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Report
Description

The COVID-19 pandemic has increased the demand for access to timely, relevant and quality data. This demand has been driven by several needs: taking informed policy actions quickly, improving communication on the current state of play, carrying out scientific analysis of a dynamic threat, understanding its social and economic impact, and enabling civil society oversight and reporting.

Based on an open call for evidence, this report assesses how open government data (OGD) was used to react and respond to the COVID-19 pandemic during initial stage of the crisis (March-July 2020). It also seeks to transform lessons learned into considerations for policy-makers on how to improve OGD policies to better prepare for future shocks.

Key findings:

  • Governments were active in releasing and re-using OGD: During the initial stage of the COVID-19 pandemic, many governments were active in promoting open government data (OGD), both in terms of releasing data and re-using them to build different types of data products.
  • Public health was the main priority: Most activities targeted public health: almost three-fourths of all OGD projects addressed health communications and informative charts rather than pressing economic or social needs, with a predominant emphasis on providing situational awareness rather than assessing or predicting impact.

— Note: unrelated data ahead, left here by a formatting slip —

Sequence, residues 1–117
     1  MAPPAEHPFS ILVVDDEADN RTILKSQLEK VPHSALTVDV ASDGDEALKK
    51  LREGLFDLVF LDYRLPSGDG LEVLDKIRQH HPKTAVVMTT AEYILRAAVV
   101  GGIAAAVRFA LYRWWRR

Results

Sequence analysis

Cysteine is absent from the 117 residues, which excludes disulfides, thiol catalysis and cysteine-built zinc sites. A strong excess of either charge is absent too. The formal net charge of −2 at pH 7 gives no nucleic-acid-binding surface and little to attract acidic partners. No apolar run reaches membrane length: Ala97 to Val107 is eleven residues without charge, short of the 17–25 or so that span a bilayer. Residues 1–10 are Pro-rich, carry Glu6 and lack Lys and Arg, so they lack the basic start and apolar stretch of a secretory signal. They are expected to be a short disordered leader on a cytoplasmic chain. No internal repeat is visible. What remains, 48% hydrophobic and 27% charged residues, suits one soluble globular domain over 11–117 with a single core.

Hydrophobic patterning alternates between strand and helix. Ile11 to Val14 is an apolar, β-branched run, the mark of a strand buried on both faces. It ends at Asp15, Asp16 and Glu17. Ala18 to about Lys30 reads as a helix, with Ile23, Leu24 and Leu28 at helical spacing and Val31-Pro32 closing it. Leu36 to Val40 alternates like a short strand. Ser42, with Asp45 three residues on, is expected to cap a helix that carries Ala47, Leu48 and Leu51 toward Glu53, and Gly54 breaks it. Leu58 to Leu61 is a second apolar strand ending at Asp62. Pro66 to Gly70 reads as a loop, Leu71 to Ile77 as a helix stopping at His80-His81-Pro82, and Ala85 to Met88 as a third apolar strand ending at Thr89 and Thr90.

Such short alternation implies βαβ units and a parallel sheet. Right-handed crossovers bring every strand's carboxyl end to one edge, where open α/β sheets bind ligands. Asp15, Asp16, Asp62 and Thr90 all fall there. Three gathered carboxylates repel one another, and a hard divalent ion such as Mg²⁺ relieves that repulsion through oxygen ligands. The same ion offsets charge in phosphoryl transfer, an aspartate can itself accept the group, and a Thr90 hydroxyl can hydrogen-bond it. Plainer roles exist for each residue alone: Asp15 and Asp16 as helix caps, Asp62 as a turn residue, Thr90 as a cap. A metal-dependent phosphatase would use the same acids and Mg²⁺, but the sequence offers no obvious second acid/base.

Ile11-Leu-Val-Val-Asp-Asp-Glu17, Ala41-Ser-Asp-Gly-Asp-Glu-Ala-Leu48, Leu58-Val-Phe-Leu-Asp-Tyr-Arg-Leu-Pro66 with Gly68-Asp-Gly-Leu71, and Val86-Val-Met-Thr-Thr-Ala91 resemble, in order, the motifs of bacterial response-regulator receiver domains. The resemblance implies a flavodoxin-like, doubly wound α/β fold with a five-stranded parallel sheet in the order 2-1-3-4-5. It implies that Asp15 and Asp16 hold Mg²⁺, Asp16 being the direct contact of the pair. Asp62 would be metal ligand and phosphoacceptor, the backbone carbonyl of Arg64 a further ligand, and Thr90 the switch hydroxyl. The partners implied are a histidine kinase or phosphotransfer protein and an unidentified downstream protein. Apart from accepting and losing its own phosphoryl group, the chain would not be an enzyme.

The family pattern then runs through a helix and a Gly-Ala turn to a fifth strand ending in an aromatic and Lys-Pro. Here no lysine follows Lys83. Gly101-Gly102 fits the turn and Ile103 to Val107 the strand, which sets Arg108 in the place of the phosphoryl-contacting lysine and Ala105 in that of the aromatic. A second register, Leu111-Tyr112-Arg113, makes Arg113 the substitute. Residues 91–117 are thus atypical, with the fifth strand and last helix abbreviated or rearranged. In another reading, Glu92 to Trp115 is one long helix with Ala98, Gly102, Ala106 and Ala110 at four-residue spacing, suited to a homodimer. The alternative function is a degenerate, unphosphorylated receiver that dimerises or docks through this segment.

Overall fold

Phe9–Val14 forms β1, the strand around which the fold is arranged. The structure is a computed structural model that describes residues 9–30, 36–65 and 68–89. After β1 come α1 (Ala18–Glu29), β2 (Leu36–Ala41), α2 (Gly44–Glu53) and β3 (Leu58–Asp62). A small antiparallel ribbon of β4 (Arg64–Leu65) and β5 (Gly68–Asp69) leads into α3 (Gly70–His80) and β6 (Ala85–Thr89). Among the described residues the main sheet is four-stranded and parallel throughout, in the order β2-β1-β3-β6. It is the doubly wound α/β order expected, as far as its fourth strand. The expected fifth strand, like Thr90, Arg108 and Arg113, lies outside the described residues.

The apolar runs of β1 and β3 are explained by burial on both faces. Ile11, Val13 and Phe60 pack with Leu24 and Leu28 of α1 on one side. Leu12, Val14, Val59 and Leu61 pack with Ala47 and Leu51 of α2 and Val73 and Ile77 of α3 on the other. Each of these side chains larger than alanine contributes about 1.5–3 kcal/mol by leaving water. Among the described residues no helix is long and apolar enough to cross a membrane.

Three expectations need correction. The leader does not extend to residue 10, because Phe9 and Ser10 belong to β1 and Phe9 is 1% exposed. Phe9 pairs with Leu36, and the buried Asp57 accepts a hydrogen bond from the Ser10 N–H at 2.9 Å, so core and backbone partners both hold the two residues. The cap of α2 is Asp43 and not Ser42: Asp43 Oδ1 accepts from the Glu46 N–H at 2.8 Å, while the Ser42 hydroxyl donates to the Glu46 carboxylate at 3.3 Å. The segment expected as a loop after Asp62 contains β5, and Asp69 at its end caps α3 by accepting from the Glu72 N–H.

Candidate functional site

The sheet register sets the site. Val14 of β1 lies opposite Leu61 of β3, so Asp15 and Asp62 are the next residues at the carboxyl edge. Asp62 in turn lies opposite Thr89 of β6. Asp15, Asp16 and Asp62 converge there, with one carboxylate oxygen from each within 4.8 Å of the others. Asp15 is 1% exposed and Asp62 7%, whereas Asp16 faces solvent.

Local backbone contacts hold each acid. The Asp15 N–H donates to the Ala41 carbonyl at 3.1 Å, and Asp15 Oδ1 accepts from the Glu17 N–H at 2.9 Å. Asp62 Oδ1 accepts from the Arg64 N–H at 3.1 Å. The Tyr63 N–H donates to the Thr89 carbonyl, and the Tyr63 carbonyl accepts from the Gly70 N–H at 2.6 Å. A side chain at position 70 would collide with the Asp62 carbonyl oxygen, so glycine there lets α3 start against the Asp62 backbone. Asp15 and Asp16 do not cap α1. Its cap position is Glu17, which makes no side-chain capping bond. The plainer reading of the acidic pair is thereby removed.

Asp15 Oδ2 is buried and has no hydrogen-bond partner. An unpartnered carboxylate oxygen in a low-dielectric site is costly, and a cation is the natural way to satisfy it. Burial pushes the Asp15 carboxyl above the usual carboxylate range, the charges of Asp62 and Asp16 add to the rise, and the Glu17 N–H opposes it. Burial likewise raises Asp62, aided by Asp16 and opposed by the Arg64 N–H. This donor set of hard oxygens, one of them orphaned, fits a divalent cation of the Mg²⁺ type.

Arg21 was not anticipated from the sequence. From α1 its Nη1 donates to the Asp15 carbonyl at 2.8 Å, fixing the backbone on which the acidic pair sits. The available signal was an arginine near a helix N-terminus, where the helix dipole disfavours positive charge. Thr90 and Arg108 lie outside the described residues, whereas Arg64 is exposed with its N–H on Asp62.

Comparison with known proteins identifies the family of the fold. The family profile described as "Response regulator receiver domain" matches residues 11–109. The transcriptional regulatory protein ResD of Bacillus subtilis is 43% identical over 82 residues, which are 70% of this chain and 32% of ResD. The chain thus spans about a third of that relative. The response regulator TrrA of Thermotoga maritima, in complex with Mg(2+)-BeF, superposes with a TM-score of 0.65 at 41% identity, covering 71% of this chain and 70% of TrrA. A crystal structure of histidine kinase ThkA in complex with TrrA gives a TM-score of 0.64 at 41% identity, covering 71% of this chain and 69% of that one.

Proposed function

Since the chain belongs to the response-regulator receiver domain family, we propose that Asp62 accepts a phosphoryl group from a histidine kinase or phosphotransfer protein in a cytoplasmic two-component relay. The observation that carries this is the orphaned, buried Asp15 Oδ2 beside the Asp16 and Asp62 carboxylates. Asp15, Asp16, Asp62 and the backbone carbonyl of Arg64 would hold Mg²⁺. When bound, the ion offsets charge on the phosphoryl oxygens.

• OGD was important for communication efforts: Despite its significant potential for crisis response, there is limited evidence that OGD initiatives drove concrete action beyond public communication efforts during the COVID-19 pandemic. Evidence indicates that many of these projects were data repositories or dashboards, with data analysis conducted most often in the form of data visualisations such as maps or charts.
  • Focus was on response, not recovery: In line with the large focus on health needs and situational awareness, a large majority of initiatives during the initial stage of the pandemic concentrated primarily on immediate response. Few initiatives targeted recovery and reform stages.

 

Publication Details
License type:
CC BY-SA
Access Rights Type:
open